Your number is up, Mr Bond!

3 min read
1 June 2018

If you’re a spymaster, which technology do you choose for communicating with your agents in the field? Calls to an unregistered mobile phone? Encrypted emails? Hidden web pages? Maybe all of these methods are in use – there’s really no one to ask – but there’s one method that is definitely used and, if you feel so inclined, you can check it out for yourself.

Number stations

The method in question is the numbers station. These are just like ordinary radio stations except that, instead of broadcasting programmes to entertain, they broadcast strings of numbers, read out either by a person or by a computerised voice synthesiser. Of course, no one will actually confirm that these are messages for agents in the field, but the transmissions have been going on since at least the 1980s, so someone must be finding them useful!


But why use numbers stations – which are undoubtedly expensive to run and maintain – when there are now so many potentially cheaper alternatives? The answer is traceability – or rather untraceability. Emails can be traced, web access can be traced and mobile phone calls can be traced. But it’s totally impossible to trace listeners to an off-air radio broadcast, unless you catch them in the act.


Better still, no special equipment is needed to listen to the numbers stations – almost any shortwave receiver will do. While these are not quite as common as they once were, they’re still readily and inexpensively available from your favourite on-line retailer or auction site. In fact, if you live in a big city, you’ll probably be able to find a specialist store when you can buy one off the shelf in total anonymity! Note that no computer, with its potentially incriminating hard drive is needed.


What do the messages actually mean? That’s their other big advantage for the spymaster: they’re totally uncrackable. They typically consist of groups of five numbers, with each group (probably!) having a specific meaning. For example, 53788 might mean “Meet at the usual place, 7:30 pm tomorrow”. The recipient has a pad where they can look up the code group and check its meaning.


But here’s the twist: it’s a one-time pad. Each page in the pad is used only once for one specific message. Another page is used for the next message and 53788 will mean something totally different – or nothing at all. This makes it impossible for anyone without a pad to work out the content of the messages. The only weakness is that the recipient of the messages must have the pads in their possession, but they’re paper and easily destroyed if there’s a threat of discovery.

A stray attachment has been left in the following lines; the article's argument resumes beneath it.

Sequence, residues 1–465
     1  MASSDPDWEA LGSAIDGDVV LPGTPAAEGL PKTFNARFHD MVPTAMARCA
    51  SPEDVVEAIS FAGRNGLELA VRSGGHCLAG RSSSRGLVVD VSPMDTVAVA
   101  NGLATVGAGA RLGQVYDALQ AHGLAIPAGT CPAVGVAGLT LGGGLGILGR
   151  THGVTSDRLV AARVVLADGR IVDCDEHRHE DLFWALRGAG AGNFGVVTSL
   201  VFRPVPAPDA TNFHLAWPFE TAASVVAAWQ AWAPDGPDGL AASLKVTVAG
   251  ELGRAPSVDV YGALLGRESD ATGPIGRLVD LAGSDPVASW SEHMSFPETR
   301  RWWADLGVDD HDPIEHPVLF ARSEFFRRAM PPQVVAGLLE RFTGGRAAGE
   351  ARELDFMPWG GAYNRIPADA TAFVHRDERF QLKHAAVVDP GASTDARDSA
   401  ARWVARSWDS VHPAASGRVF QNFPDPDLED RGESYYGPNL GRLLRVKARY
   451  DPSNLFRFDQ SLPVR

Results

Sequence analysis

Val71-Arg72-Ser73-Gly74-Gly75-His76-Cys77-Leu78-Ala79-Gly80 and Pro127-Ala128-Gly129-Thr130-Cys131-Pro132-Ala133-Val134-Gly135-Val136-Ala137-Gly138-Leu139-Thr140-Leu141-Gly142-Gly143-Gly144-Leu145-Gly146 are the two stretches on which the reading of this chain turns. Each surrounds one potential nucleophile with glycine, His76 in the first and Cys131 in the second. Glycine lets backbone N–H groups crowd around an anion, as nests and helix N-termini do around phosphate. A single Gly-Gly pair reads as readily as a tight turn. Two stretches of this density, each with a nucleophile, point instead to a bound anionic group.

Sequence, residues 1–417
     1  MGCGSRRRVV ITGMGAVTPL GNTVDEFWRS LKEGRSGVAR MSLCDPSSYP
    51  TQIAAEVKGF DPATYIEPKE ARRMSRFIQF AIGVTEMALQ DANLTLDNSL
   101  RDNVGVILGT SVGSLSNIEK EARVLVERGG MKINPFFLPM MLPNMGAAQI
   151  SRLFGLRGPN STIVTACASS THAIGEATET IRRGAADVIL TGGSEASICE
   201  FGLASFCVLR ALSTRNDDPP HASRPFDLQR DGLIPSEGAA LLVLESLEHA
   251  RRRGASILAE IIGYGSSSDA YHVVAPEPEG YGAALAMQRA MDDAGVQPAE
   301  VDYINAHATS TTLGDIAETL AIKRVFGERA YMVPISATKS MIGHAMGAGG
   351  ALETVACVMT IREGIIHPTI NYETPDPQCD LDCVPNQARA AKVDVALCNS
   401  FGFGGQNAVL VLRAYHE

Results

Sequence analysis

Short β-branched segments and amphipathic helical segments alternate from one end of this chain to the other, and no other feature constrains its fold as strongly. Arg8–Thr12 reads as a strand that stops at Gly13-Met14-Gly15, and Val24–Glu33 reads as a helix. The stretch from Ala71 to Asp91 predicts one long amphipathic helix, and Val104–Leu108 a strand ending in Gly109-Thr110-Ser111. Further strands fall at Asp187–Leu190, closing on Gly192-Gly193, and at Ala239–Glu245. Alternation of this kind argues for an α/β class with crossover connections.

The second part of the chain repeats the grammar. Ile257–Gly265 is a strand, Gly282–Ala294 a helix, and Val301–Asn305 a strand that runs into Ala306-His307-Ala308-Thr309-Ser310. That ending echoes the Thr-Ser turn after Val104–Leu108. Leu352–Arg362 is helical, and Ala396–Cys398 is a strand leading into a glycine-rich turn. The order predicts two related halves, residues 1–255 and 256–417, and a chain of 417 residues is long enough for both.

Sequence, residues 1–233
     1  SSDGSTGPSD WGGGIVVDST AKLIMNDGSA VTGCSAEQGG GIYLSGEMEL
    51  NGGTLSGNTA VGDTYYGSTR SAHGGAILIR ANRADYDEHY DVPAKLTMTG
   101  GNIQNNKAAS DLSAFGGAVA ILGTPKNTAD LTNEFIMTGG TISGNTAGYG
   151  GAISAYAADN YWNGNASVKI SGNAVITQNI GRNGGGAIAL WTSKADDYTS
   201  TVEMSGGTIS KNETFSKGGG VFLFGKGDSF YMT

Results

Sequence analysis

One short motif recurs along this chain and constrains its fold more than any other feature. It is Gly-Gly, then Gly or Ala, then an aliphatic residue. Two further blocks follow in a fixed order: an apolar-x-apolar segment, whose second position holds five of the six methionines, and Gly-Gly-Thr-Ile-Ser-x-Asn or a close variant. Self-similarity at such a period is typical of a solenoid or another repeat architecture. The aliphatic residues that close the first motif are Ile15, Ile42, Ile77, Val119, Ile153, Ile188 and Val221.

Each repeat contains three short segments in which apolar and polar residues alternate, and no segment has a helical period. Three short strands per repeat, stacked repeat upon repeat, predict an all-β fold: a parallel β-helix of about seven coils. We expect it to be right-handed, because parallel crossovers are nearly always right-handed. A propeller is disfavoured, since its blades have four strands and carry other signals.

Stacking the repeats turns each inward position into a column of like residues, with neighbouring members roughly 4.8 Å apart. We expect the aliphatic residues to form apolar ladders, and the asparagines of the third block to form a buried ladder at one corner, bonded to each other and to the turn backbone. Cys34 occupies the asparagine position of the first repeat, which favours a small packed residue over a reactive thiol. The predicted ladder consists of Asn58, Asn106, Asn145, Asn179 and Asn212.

The numbers stations use old technology, but they still offer benefits that are hard to beat. If you’d like to hear one in operation and you have access to a shortwave receiver, it’s easy. The stations don’t operate continuously, but they do follow fairly regular schedules, and you can easily find the latest schedules by doing an on-line search for “numbers stations”. It’s not the station operators who make this information available, by the way, it’s a group of enthusiasts who track these stations as a hobby – at least that’s what they claim!


Once you’ve found a convenient time and frequency, just tune in and listen. The stations appear to use a lot of power so in many cases, they’re easy to hear. It’s not the most riveting radio programming you’ll ever come across, but it is quite fascinating to speculate about what’s being said and to whom!


Check out some previous stories from Keith on his time as an apprentice...

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